The NBTC's panel is expected to conclude next month the plan to deal with the end of the TrueMove-DPC concessions to prevent any inconvenience to subscribers during the transition, and will submit its conclusion for the telecom committee's consideration in February.
Takorn Tantasit, secretary-general of the NBTC, said that in April he would propose the telecom committee appoint the panel to draw up the 1,800MHz-spectrum auction.
Many parties will closely monitor the watchdog's formulation of the 1,800MHz auction terms. Its 2.1GHz auction terms and the bid outcome were criticised by scholars and Finance Ministry officials for allowing bidders to grab the prized airwaves without meaningful competition in the bidding - a charge the NBTC fiercely denies.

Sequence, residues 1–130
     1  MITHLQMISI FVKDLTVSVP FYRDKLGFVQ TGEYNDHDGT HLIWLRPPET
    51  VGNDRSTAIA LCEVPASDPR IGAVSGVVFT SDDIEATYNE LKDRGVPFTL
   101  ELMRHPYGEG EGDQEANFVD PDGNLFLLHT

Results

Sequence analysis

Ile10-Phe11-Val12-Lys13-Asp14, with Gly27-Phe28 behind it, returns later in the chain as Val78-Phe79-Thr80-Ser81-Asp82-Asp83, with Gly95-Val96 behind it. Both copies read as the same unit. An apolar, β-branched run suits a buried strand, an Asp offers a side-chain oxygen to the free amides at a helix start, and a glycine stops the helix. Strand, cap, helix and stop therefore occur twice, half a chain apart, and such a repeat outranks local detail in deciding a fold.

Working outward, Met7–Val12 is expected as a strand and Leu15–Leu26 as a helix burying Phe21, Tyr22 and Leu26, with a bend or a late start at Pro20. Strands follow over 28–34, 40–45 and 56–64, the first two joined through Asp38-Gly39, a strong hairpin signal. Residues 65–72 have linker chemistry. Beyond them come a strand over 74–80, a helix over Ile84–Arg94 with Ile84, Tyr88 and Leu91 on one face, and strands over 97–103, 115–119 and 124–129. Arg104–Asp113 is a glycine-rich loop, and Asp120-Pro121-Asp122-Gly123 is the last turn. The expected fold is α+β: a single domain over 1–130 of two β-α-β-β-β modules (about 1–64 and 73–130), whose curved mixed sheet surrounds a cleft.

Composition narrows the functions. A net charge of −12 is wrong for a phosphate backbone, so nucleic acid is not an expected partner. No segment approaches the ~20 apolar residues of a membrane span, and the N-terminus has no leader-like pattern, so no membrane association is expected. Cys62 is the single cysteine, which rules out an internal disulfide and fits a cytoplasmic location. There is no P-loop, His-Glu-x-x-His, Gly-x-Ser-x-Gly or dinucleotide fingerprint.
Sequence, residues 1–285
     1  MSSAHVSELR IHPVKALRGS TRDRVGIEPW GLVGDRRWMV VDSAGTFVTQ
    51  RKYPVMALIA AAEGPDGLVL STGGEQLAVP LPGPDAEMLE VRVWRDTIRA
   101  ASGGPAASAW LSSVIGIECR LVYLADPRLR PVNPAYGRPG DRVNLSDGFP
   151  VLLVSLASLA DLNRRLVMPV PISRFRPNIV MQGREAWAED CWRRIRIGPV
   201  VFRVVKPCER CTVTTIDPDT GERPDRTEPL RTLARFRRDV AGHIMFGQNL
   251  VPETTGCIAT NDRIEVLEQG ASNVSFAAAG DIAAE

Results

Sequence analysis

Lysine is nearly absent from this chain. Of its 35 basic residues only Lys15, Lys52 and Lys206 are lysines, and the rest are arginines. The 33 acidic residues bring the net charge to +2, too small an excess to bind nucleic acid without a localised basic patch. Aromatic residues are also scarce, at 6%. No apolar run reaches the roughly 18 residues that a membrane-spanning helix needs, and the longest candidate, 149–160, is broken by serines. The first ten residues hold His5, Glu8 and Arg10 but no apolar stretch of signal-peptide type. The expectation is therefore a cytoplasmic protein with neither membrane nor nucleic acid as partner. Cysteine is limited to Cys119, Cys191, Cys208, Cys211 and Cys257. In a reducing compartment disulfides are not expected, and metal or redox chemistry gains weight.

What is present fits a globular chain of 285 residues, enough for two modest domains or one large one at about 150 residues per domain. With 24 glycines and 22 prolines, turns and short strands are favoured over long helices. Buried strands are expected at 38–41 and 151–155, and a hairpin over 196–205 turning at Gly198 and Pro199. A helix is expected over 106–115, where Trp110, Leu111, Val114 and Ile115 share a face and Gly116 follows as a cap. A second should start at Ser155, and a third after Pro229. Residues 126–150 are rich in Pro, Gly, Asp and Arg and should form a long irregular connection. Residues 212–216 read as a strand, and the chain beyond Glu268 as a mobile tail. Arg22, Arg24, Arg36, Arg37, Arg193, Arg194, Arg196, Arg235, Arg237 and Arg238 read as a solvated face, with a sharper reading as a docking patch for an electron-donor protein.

Sigve Brekke, head of Telenor Asia, said that for the 4G auction, the NBTC should ensure that barriers to participating in the bidding are removed to attract more bidders.
Norway's Telenor is DTAC's strategic partner.
"Further, I believe that a consultation process with stakeholders should be held in order to evaluate if more frequencies should be released in the 4G auction, as Thailand currently has under-utilised bands that could be included in the auction. A transparent process where these issues are addressed will be the fastest route for consumers to get additional benefits from 4G services," he said.
"Several delays have made Thailand wait a long time for 3G, and I have no doubt that the country is ready for both 3G and 4G," he said.